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Management of heparin-induced thrombocytopenia
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Management of heparin-induced thrombocytopenia
All topics are updated as new evidence becomes available and our peer review process is complete.
Literature review current through: Nov 2016. | This topic last updated: Nov 02, 2016.

INTRODUCTION — Heparin-induced thrombocytopenia (HIT) is a life-threatening complication of exposure to heparin (ie, unfractionated heparin, low molecular weight [LMW] heparin) that occurs in up to 5 percent of patients exposed, regardless of the dose, schedule, or route of administration. HIT results from an autoantibody directed against platelet factor 4 (PF4) in complex with heparin. HIT antibodies activate platelets and can cause catastrophic arterial and venous thrombosis, with a mortality rate as high as 20 percent, although with improved recognition and early intervention, mortality rates below 2 percent have been reported.

Here we discuss the prevention and management of HIT. The clinical presentation and diagnosis of HIT are discussed separately. (See "Clinical presentation and diagnosis of heparin-induced thrombocytopenia".)

IMMEDIATE DISCONTINUATION OF HEPARIN

Presumptive diagnosis of HIT — We always consider clinical and laboratory evidence in evaluating patients for heparin-induced thrombocytopenia (HIT). However, definitive laboratory data (ie, immunoassay and/or functional assay for HIT antibodies) may not be available for several days. Thus, we make a presumptive diagnosis of HIT based on clinical findings and immediately available laboratory data.

Clinicians, particularly those who have less familiarity with HIT, should involve the consulting hematologist as early as possible in determining the likelihood of HIT because a presumptive diagnosis of HIT carries management implications (eg, discontinuation of heparin, administration of a non-heparin anticoagulant). Not diagnosing HIT when it is present or mistakenly diagnosing HIT when it is absent are both associated with significant risks (eg, life-threatening thrombosis if a diagnosis is missed; life-threatening bleeding and high cost of presumptive treatment with a non-heparin anticoagulant if an incorrect diagnosis is made).

The 4 T's score (calculator 1) is an easy-to-use score that quantifies the clinical findings associated with HIT (eg, degree of Thrombocytopenia, Timing, Thrombotic events or sequelae, alternative causes of thrombocytopenia). The 4 T's score should be used as a guide for clinicians and should not substitute for clinical judgement [1].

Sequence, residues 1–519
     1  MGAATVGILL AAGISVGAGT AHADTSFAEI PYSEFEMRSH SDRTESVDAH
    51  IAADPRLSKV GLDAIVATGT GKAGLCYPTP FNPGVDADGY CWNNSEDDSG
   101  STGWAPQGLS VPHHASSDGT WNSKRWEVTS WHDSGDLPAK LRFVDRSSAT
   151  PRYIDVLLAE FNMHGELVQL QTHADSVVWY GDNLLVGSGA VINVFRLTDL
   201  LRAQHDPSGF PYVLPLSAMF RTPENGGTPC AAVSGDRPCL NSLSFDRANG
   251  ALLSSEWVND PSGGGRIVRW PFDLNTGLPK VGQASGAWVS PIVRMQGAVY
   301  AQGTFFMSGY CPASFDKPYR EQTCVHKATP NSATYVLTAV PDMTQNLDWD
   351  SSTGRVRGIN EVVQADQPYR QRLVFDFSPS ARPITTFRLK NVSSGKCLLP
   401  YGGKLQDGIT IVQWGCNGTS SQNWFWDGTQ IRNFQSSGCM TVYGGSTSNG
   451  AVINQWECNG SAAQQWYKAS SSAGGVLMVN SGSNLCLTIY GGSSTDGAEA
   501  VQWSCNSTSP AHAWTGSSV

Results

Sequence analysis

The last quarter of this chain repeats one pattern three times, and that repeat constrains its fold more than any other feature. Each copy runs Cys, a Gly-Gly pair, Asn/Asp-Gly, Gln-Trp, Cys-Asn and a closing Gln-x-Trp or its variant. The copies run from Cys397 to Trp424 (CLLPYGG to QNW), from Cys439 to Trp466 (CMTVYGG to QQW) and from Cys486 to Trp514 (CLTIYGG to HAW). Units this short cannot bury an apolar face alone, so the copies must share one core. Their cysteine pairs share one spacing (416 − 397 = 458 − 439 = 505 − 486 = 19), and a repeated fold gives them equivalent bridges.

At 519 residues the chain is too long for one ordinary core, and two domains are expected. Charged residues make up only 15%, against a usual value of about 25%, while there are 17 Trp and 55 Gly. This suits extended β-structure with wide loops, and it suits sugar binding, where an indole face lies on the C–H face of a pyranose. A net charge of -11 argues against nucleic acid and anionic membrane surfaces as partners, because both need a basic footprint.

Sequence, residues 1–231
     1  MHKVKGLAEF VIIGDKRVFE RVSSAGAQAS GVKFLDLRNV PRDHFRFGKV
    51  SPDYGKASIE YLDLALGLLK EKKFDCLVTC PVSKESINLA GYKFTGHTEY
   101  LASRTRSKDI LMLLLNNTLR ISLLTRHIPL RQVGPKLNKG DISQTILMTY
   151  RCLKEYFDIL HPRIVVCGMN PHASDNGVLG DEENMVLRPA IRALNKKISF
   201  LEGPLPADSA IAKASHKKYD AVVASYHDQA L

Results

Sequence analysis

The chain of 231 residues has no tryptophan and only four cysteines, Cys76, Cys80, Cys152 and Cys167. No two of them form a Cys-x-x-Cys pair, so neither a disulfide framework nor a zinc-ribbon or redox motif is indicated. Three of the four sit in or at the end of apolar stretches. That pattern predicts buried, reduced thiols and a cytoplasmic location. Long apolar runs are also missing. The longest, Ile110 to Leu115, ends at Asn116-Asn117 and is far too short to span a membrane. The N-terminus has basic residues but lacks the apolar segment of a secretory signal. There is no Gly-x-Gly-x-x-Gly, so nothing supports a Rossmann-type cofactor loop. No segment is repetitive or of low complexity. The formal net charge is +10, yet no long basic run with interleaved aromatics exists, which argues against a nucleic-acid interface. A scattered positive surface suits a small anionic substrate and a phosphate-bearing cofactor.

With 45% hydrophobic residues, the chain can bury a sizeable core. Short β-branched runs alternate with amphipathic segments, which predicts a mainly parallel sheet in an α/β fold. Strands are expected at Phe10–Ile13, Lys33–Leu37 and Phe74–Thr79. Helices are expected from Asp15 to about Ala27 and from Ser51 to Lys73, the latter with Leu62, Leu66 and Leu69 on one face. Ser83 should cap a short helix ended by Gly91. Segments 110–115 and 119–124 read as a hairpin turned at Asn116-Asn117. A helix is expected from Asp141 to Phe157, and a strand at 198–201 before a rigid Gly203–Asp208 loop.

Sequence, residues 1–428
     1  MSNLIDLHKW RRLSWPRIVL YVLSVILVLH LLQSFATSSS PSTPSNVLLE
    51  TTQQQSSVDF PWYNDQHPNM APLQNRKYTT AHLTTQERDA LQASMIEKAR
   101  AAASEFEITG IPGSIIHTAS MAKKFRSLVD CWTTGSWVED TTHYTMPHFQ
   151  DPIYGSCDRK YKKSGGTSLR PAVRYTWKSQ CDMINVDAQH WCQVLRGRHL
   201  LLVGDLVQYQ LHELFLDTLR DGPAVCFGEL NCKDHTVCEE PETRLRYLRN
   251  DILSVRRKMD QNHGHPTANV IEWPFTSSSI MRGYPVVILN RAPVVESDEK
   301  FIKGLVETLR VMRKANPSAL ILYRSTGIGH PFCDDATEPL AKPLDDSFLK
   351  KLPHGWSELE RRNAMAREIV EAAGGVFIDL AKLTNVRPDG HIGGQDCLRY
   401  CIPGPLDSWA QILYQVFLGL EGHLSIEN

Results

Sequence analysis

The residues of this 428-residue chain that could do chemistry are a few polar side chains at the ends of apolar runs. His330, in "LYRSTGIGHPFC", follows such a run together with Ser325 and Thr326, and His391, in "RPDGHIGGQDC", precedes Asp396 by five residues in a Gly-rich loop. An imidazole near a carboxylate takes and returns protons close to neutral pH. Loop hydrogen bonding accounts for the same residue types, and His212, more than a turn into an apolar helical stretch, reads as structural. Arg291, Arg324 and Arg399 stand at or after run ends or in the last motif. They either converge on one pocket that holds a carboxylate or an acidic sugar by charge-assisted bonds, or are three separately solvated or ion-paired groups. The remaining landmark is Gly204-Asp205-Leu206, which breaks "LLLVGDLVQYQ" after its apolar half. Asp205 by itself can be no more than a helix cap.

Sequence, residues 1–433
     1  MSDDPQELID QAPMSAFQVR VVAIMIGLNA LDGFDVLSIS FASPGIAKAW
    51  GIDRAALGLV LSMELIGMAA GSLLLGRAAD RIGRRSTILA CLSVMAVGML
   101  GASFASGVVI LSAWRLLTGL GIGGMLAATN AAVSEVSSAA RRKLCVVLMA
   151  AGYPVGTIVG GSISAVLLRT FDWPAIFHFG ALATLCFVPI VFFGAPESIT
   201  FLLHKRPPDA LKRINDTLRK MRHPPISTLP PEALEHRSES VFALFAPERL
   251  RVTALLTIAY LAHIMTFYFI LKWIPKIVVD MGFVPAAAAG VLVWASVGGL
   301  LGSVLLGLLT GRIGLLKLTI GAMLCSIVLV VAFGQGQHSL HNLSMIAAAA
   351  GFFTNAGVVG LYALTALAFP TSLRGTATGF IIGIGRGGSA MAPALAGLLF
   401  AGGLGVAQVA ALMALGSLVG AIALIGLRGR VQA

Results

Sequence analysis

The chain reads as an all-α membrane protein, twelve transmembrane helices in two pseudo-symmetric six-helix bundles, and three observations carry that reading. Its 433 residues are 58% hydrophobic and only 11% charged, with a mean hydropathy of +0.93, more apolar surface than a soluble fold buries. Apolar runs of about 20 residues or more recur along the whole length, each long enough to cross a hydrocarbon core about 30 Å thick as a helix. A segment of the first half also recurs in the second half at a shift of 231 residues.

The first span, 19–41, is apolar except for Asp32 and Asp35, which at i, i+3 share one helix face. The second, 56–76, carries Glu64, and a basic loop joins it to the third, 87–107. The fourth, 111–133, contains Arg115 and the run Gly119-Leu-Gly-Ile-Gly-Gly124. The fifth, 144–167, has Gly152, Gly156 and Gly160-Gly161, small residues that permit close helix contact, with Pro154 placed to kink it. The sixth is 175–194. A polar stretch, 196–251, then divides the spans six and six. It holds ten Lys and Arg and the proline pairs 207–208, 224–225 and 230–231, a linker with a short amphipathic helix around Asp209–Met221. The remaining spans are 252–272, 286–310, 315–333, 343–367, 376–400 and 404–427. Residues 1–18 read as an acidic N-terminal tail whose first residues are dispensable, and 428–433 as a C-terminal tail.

In general, if the 4 T's score is intermediate or high probability, we make a presumptive diagnosis of HIT because an intermediate or high probability 4 T's score will capture the vast majority of patients with a reasonable likelihood of HIT regardless of whether they have had a thrombotic event.

In general, if the 4 T's score is low probability, we generally do not make a presumptive diagnosis of HIT because the risk of HIT is exceedingly low and presumptive treatment carries risks (eg, bleeding) and costs. However, in rare or complex cases, a clinician may suspect HIT despite a low probability 4 T's score, and a presumptive clinical diagnosis of HIT may be made.

The clinical evaluation for suspected HIT is discussed in more detail separately. (See "Clinical presentation and diagnosis of heparin-induced thrombocytopenia", section on 'Overview of our approach to evaluation'.)

Individuals with a presumptive diagnosis of HIT should be treated for HIT until the diagnosis is confirmed or refuted by laboratory testing (algorithm 1). Presumptive treatment includes the following:

All forms of heparin should be discontinued (eg, unfractionated heparin, low molecular weight [LMW] heparin, heparin flushes, heparin-bonded catheters, heparin-containing medications [eg, some prothrombin complex concentrates]).

Anticoagulation with a non-heparin anticoagulant should be initiated in all patients except those with bleeding or at a high risk for bleeding [2-4]. (See 'Initiation of a non-heparin anticoagulant' below.)